Nationwide clean up efforts bring residents together, following a weekend of violent protests


Volunteers clean up broken glass and damaged merchandise at The Pike Outlets on Monday, June 1, 2020, in Long Beach after overnight protests over the death of George Floyd . Floyd died in police custody on Memorial Day in Minneapolis. (AP Photo/Ashley Landis)

OAN Newsroom
UPDATED 9:51 AM PT — Tuesday, June 2, 2020

As civil unrest over the death of George Floyd continues across the country, thousands of Americans are joining together to clean up the resulting devastation.

More than 30 U.S. cities have seen protests, rioting and looting in the wake of the fatal arrest. This has also led to mass destruction of public buildings and private businesses.

While many residents are looking at the aftermath as collateral damage of a worthy cause, others are condemning the violence and vandalism. This includes Boston security guard George Palladino.

“I know they had a good protest yesterday,” he stated. “And stuff like this definitely hurts and makes that protest look bad, even though they tried to do something good.”

As recent events have caused division among Americans, many people like Santa Monica teen Sophie Davison are noting that it’s also bringing communities together.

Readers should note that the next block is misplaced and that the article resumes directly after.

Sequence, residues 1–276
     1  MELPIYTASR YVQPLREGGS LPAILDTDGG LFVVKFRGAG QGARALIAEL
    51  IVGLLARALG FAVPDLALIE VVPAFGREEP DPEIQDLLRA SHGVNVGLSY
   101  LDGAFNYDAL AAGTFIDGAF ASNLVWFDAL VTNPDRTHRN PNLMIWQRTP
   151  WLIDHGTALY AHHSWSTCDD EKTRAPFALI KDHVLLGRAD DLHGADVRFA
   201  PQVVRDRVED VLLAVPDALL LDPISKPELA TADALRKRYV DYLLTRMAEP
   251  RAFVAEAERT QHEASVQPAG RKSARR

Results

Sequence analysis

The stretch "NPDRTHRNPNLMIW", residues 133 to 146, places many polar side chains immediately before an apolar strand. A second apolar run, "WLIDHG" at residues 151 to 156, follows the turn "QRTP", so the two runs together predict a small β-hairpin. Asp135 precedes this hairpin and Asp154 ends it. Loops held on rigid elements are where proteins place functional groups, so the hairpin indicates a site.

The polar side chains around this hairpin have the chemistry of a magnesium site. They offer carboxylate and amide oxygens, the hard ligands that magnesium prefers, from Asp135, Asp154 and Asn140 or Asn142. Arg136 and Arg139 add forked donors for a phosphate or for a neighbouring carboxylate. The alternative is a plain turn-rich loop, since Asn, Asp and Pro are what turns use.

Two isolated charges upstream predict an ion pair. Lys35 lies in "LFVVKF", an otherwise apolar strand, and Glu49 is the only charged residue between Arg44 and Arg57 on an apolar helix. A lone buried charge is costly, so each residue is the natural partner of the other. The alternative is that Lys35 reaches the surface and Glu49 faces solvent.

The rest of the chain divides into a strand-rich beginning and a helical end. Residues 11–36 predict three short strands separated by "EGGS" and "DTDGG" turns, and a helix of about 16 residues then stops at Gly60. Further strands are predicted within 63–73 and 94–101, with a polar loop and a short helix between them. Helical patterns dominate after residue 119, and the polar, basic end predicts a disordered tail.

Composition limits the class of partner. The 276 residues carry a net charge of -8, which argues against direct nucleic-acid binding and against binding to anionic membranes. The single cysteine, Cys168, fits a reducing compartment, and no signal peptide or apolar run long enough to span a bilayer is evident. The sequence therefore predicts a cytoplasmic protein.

“Seeing other people, just community members, donate their time and be out here and to clean up it is actually really inspiring,” she stated. “It kind of like shows us that good things can come from bad things.

However, it’s not just locals who are banding together. Pierre Paul drove from Illinois to help organize the Minneapolis Target store cleanup.

“These people are the heart and soul of it, and what’s really important is that you see people out here with your jobs, you see people out here who are wearing black lives matter t-shirts, people who are wearing cops lives matter shirts, but none of that matters because we’re all coming together for one common good,” he explained.

Volunteers clean up broken glasses and at The Pike Outlets, Monday, June 1, 2020, in Long Beach after overnight protests in reaction to George Floyd’s death while in police custody on May 25 in Minneapolis. (AP Photo/Ashley Landis)

Although some city officials have organized restoration efforts, the turnout of volunteers has eclipsed those of hired cleanup crews in most cases. Denver Mayor Michael Hancock voiced his appreciation and surprise at the number of locals who showed up to help.

“This morning we were all grateful to wake up and to hear about a couple hundred volunteers who showed up unsolicited to help clean up our downtown area and we want to send a very special thank you to everyone who helped clean up around Civic Centers Park this morning and this afternoon,” he stated. “We are enormously grateful.”

Likewise, Seattle Mayor Jenny Durkan conveyed similar sentiments by praising the unity displayed by city residents.

“And what I love to see here is so many people coming downtown to help,” she said. “To help clean up, to remove graffiti, to reclaim the city that they love and that’s the spirit we have to be about going forward.”

As the country remains in a state of upheaval and uncertainty, many Americans are hoping efforts to rebuild will help heal the growing division among citizens.

RELATED: George Floyd Protests — The radical left groups behind the violence





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